If you're stuck, please consider:
For example, you can use the Database Search to search for "Chrome user agents on Android tablets" and you will get many, many results from the database. You can get pretty detailed with your queries too - you can search for specific version numbers, dates they were first seen at, hardware types (general mobile/phone/tablet), software types (bots, browsers, applications, in app browsers etc), operating systems, operating platforms and so on.
In short, the user agent database search will return user agent strings that we've seen on the website or via the API which match your search criteria.
The User Agent Parse is for decoding user agents. It doesn't query the database; when you send a user agent to User Agent Parse, our custom software runs each time and analyses the user agent. It figures out the software (Chrome, Firefox, Safari, Googlebot, or hundreds of other software that we know about), it figures out the operating system, the hardware type, software type, platform, if it's a spammy or weird or dangerous user agent and many other things.
In short, if you're trying to decode a user agent, use the User Agent Parse API. If you need to search for a group of user agents that match certain criteria, use the Search API end point.
It is theoretically possible to try to use the User Agent Database to decode user agents. You would do this by searching for the exact user agent you are trying to decode, and then looking at the parse information that the database has for it. However we really, really don't recommend doing this. The problem is that the database would need to have the exact same user agent string as the one you are searching for, for it to work. If a single version number fragment in the user agent you are trying to parse is unique, then you won't get a match.
The Parser doesn't have this problem - you can send it unique user agents (eg a pre-release version of Chrome that we've never seen in our systems before and for which we don't have a database record for yet), and it will still parse the user agent correctly and send you a result.
Yes, absolutely! You are welcome to cache the query results from our API to help speed up duplicate queries and to help keep your quota low.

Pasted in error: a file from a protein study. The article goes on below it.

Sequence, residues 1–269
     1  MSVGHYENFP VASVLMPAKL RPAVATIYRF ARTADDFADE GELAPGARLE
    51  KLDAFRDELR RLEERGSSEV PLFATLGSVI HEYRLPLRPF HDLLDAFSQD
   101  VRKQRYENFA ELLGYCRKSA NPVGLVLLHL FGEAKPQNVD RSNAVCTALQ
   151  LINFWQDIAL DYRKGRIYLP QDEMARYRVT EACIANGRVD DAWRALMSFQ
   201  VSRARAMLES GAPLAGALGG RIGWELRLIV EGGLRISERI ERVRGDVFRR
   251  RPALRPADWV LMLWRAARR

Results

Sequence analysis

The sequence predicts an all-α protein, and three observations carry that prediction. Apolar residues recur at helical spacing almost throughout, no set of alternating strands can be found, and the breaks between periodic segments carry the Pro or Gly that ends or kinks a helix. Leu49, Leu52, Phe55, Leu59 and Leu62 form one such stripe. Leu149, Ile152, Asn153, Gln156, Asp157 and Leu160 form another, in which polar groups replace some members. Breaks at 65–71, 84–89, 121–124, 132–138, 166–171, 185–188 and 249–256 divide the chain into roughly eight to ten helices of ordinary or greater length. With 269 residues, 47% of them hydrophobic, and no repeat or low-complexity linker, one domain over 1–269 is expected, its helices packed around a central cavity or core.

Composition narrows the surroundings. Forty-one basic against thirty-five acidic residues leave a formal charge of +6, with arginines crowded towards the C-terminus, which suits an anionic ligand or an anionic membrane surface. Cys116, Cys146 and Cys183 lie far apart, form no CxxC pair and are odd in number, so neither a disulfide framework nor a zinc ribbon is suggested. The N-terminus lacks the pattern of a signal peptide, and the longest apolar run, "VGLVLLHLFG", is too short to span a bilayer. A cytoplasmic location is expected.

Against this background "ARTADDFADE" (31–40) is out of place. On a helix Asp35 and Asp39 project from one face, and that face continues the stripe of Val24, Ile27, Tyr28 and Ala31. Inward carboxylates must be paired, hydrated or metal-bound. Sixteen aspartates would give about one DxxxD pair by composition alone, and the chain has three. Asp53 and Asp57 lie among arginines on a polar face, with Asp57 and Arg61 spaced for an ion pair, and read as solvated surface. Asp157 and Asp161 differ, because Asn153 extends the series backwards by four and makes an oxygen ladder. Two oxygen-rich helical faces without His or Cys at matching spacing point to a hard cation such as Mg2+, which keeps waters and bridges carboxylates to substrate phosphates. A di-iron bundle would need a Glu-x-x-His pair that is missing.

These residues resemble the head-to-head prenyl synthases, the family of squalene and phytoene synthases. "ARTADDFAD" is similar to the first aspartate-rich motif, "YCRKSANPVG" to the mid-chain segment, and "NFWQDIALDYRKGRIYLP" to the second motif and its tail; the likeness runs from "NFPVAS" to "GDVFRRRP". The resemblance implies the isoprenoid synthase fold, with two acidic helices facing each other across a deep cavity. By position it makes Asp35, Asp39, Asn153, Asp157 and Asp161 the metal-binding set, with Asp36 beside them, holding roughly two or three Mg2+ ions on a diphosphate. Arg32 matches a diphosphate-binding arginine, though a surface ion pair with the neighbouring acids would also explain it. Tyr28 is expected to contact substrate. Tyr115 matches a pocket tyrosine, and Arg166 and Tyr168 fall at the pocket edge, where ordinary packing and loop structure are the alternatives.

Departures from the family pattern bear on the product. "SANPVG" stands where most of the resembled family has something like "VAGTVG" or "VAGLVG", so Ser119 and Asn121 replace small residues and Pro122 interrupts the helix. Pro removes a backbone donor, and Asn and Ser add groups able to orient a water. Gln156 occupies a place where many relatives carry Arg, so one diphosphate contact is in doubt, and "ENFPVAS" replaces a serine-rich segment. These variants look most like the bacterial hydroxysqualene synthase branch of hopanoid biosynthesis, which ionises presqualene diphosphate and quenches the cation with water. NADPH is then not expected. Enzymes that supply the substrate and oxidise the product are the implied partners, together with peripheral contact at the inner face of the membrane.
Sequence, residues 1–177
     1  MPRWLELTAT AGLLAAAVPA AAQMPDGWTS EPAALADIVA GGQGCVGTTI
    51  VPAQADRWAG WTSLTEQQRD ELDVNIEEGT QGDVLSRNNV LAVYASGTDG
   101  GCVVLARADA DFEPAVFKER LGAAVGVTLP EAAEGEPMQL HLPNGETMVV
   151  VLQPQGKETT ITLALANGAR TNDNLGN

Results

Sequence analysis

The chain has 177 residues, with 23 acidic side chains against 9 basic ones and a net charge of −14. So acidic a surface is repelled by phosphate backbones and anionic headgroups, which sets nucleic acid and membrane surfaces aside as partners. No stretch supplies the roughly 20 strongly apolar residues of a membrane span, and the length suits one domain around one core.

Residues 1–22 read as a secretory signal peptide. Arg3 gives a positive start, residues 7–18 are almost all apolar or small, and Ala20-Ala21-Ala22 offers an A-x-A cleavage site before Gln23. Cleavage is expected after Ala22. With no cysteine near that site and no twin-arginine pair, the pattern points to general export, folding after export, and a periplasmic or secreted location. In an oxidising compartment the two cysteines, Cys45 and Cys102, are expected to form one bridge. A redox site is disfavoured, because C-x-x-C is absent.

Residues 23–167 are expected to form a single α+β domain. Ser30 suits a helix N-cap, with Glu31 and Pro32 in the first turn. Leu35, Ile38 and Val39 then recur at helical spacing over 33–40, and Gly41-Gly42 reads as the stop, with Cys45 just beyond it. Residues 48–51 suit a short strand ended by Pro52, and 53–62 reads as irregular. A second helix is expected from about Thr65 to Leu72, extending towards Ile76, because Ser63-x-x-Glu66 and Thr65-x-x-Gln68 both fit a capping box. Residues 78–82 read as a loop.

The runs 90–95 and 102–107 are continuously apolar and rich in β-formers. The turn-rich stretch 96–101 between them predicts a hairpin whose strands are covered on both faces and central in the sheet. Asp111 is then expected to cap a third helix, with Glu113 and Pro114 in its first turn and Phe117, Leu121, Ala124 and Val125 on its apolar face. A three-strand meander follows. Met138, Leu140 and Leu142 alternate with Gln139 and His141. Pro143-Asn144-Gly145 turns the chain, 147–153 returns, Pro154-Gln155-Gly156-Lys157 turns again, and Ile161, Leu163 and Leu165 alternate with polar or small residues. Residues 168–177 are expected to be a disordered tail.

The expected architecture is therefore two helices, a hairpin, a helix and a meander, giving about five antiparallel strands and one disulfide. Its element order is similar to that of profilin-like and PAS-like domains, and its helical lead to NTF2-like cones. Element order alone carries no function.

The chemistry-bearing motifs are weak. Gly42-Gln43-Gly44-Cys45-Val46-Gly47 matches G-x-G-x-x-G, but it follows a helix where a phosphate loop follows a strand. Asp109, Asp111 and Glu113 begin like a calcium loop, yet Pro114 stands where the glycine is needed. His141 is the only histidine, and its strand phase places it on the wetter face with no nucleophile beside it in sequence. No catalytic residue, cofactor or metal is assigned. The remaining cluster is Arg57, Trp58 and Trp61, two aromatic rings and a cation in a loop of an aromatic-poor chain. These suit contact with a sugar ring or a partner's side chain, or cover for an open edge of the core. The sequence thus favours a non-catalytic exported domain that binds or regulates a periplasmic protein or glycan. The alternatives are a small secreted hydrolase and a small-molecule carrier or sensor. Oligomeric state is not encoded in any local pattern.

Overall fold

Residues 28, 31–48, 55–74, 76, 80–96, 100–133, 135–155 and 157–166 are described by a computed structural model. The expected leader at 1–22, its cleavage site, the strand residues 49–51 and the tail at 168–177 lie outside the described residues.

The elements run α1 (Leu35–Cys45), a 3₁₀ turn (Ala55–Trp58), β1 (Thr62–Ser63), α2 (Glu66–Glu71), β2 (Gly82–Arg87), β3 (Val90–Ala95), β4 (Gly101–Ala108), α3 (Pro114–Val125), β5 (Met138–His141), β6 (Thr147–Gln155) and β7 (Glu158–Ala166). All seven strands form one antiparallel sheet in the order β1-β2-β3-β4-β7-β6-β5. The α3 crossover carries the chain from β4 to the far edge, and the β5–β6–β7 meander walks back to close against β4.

We recommend a cache-time of no more than a few hours, so you've always got the latest "up to date" version checks and version numbers.
It sounds like your system is getting confused by the semi-colons in the user agent you're trying to parse.
For example, if you send this Internet Explorer user agent:
Mozilla/5.0 (compatible; MSIE 9.0; Windows NT 6.1; WOW64; Trident/5.0)
but are not handling the semi colons properly, the user agent gets truncated to just Mozilla/5.0 (compatible. The user agent then (correctly-enough) interprets this user agent as Netscape Navigator.
You can tell when this is happening, as the user agent parse response will include a copy of what it received as the user agent to parse. By looking at it, you should notice that your system isn't sending the user agent properly because it doesn't match what you (thought you) sent through.
We've only heard of this problem on systems using Microsoft C# (and only on Version 1 of the API; where user agents are sent as part of the POST Form Body instead of in the JSON of Version 2). Please look at our sample code for a good starting point.
Every bit of detection for user agent parsing is done deliberately and intentionally; if you have a question about it, then we're happy to explain why it's doing what it's doing. We want you to be satisfied with how it works, and perhaps you've found something that's wrong! Either way, get in touch and we can discuss it.
Yes, if you are a large corporate company and need to get your subscription via a reseller company, get in touch! We are happy to provide arrangements like this.
If you have any questions at all: Sales, Integration, or Trouble-shooting, don't hesitate to get in contact with us.